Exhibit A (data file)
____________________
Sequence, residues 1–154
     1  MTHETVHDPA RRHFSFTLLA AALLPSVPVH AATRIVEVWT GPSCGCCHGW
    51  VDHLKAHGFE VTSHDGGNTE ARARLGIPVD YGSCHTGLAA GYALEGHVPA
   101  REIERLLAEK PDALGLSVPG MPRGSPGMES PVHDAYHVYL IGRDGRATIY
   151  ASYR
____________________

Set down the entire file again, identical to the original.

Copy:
Sequence, residues 1–154
     1  MTHETVHDPA RRHFSFTLLA AALLPSVPVH AATRIVEVWT GPSCGCCHGW
    51  VDHLKAHGFE VTSHDGGNTE ARARLGIPVD YGSCHTGLAA GYALEGHVPA
   101  REIERLLAEK PDALGLSVPG MPRGSPGMES PVHDAYHVYL IGRDGRATIY
   151  ASYR